We are persecuted, but God does not leave us. We are hurt sometimes, but we are not destroyed.


Disperse the gloomy clouds of night,
And death’s dark shadows put to flight.

If this Christmas season has been less than idyllic for you, take heart. As believers we have an eternal treasure stored in our fragile paper bags. We have genuine hope because we have a Savior who has come to live in our hearts.


Rejoice! Rejoice! Emmanuel
Shall come to thee, O Israel!

“I mean no offense, but…”

I have a friend who is a newspaper reporter. His wife is a copy editor. She is smart, funny, and cute as a bug. My friend fell hard for her when they met in journalism school, and latched on the first chance he got.

But from my experience with other copy editors over the years, she is the exception to the rule. Case in point: there was a certain word processor at my firm who spent years in the book publishing business. She had a very good eye for what proper text should look like, how it should read. But unfortunately, she had absolutely no idea how she was “read” by others. She took little or no thought of her appearance (I’m trying not to be cruel here, but there it is anyway), was rude and abrasive and completely unbendable in her ways. Even though she had no actual authority as to how “things should be done around here,” she acted as if she not only knew such things, but that everyone else around her was an idiot – including me.

Hence, she was not very well-liked among her coworkers. No one was sad when she left for another position.

I do not know where she is spiritually, but I would not at all be surprised to find out that she is devoutly religious. Why, you ask? Because some of the most offensive people I know are religious.

I once met one the Rainbow Head guys who sits in the end-zone at football games. He sported a t-shirt that had JOHN 3:16 printed on the front, and REPENT on the back. I asked him where he got the inspiration to do this for a living. He said he felt called. Then he posed for a picture with me. Several others did the same while I was there.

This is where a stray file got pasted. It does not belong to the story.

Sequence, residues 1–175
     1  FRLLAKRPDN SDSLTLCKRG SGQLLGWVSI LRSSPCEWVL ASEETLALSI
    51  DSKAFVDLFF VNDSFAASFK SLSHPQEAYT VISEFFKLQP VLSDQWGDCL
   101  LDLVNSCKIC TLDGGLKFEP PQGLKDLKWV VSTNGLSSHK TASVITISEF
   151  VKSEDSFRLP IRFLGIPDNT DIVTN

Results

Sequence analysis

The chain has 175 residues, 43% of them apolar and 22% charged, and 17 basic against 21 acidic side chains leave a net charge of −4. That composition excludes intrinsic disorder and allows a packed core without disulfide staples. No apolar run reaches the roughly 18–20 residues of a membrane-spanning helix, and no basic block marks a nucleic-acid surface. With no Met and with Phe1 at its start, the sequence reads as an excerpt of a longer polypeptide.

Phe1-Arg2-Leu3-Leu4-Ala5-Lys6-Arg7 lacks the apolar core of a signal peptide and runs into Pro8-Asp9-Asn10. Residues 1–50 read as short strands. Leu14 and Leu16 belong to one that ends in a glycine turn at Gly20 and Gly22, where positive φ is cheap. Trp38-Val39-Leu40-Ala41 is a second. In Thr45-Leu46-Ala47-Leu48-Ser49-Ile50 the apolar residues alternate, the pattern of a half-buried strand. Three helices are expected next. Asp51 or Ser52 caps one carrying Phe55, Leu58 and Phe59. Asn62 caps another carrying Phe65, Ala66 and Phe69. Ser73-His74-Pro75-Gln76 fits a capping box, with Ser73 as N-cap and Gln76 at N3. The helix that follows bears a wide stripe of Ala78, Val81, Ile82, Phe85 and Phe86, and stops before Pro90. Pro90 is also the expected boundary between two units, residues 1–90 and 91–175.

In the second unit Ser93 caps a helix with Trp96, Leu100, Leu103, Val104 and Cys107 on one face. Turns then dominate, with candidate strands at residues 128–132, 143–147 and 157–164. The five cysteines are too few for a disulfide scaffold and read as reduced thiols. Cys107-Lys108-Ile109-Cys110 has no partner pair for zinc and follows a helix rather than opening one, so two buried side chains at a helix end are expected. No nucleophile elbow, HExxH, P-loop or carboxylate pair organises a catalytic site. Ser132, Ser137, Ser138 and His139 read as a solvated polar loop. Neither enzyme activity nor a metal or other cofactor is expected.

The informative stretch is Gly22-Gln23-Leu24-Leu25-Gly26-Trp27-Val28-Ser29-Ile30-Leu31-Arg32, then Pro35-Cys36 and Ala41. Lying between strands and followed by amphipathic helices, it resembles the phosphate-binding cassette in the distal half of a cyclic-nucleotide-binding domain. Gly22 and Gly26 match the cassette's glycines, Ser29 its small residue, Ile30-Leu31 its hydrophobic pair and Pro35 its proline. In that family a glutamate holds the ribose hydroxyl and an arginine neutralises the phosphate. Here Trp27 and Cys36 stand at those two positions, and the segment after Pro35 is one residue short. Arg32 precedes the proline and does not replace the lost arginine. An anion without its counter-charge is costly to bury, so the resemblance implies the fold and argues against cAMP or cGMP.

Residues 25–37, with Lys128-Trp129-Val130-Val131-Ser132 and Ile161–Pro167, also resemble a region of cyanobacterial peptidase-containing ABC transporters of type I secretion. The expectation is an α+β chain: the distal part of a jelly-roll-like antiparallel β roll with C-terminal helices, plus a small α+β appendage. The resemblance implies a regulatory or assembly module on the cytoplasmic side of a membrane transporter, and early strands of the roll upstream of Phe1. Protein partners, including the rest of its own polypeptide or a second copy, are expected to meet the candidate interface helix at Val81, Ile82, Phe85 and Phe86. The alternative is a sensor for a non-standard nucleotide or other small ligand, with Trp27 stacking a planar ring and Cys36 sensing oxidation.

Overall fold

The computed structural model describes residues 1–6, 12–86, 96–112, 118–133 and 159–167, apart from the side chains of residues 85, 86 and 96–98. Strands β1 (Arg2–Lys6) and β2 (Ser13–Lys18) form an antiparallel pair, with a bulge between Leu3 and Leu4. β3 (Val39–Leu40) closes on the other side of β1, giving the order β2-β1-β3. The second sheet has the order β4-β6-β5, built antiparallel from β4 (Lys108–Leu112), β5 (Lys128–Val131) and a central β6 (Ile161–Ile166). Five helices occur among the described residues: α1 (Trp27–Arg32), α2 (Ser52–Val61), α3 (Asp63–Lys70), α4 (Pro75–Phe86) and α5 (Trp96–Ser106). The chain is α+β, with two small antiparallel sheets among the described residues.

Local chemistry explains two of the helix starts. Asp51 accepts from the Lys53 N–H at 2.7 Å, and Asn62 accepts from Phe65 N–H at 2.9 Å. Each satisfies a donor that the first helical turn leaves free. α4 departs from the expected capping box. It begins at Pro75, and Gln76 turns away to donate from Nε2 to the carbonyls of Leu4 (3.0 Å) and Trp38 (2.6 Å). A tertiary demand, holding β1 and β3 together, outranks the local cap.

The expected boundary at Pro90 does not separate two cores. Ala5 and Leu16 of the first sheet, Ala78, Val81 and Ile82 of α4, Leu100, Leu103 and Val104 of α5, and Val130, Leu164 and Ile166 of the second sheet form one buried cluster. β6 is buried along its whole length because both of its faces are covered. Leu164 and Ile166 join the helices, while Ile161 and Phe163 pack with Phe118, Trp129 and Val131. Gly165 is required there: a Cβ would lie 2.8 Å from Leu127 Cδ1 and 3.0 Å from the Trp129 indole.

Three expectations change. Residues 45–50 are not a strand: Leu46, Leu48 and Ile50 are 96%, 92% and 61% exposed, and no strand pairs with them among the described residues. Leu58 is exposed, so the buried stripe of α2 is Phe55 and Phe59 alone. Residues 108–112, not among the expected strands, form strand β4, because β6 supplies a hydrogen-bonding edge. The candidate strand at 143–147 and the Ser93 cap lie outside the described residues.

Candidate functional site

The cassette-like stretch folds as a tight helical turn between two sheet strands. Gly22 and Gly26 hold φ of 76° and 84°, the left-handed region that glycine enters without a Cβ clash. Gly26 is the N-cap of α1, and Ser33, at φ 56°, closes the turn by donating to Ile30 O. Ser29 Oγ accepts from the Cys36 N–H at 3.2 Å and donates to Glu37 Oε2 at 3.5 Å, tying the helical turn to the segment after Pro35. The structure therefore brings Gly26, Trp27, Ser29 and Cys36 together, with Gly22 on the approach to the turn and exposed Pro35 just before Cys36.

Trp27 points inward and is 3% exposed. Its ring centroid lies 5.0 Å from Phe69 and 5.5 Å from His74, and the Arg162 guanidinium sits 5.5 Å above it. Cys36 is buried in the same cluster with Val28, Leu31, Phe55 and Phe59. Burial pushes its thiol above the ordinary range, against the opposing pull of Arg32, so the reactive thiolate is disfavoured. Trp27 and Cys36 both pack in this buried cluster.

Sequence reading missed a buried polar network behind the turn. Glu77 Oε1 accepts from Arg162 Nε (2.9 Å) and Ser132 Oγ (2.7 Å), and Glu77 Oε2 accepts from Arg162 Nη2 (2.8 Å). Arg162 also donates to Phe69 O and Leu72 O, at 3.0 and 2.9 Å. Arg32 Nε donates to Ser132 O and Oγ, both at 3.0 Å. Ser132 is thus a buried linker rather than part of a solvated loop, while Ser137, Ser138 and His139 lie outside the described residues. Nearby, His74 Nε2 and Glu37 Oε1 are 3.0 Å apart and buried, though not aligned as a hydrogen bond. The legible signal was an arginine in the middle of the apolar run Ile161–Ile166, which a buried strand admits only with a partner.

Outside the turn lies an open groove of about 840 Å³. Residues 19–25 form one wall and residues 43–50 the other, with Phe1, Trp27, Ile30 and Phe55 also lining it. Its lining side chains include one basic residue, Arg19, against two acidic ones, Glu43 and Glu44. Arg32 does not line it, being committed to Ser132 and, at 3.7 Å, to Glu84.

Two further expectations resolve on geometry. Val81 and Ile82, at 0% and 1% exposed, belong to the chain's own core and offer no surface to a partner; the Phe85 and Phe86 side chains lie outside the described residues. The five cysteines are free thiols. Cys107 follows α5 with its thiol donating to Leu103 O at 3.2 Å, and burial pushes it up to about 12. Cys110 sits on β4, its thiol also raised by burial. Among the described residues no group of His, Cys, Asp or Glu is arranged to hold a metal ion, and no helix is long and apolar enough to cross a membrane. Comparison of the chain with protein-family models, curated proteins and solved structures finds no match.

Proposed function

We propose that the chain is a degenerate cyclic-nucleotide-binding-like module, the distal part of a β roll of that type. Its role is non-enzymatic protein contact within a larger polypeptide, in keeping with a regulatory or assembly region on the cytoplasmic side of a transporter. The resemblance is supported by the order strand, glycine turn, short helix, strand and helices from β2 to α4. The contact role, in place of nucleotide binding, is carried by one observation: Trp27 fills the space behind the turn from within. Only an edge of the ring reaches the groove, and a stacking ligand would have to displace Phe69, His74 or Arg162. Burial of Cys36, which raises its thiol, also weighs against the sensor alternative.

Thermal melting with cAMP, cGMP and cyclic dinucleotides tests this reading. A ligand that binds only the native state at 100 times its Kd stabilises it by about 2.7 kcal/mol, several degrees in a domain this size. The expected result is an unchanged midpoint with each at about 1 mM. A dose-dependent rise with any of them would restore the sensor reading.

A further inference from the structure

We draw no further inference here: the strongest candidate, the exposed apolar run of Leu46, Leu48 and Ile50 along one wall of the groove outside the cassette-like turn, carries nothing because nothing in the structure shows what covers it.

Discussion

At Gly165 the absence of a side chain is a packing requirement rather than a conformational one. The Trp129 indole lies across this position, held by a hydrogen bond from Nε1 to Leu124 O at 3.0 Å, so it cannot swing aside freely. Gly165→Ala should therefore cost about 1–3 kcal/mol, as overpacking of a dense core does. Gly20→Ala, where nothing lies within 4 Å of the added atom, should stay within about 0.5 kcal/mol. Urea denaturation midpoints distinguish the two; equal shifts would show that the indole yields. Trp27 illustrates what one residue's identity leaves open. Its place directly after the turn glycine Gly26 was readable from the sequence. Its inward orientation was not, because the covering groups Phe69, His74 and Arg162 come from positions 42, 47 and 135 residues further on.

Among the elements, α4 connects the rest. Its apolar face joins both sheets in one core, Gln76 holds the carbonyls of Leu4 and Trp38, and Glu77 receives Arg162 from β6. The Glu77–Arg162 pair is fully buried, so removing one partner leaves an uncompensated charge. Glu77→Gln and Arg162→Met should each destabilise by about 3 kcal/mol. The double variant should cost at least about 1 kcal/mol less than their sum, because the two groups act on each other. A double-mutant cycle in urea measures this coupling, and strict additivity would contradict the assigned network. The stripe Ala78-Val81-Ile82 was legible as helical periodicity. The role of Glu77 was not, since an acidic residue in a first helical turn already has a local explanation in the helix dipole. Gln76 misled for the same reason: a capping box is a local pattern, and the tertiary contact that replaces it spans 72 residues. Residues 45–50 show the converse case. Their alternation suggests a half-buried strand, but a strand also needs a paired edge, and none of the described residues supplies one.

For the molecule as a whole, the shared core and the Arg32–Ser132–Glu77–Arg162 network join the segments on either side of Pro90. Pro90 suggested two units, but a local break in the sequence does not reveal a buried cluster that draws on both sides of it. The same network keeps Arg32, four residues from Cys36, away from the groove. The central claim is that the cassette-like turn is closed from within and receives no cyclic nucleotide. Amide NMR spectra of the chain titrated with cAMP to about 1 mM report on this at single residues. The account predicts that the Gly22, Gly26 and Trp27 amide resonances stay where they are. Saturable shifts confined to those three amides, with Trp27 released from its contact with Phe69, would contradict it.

By way of confession, I had a t-shirt made when I was in junior high that read GET RIGHT OR GET LEFT. I enjoyed the look on people’s faces when they asked me to explain it to them, since they obviously didn’t get it.

One of my college roommates experienced a dramatic conversion about a year before I met him. Sex, drugs and rock & roll were going to kill or imprison him if Christ hadn’t intervened. He was grateful for his new life, and was more than happy to confront anyone who wasn’t doing the same. I once caught him with a group of his church friends, praying for my lukewarm spirit. He used to say, “Jesus was bold. I need to be bold for Christ.” Before he was a Christian, he was willing to fight anyone in his way. As a Christian, he was willing to Bible bash with the same verve.

How do you present yourself? How does the world “read” us as Christians?

I think too many believers mistake being bold for Christ with being – I’m trying to be delicate here – butt heads. It’s almost as if they (we… I) believe that being a Christian means having the license to be offensive along with the Offense of the Gospel. The “tribulation” they (we… I) receive is validation of being faithful to the Message.

Meadow Muffins!, as Sherman Potter would say.

Children of God, the Gospel doesn’t need our help in being offensive (in fact, it doesn’t really need our help at all, but that’s another post). To couch ostentatious in religious fervor is not what Paul had in mind when he said that he is “all things to all people, so that by all means I might win some.”

We don’t need to be puppy dogs. There’s a place to be bold. But odds are, most of the time we think we’re being bold for Christ, we’re just offensive. Stop it.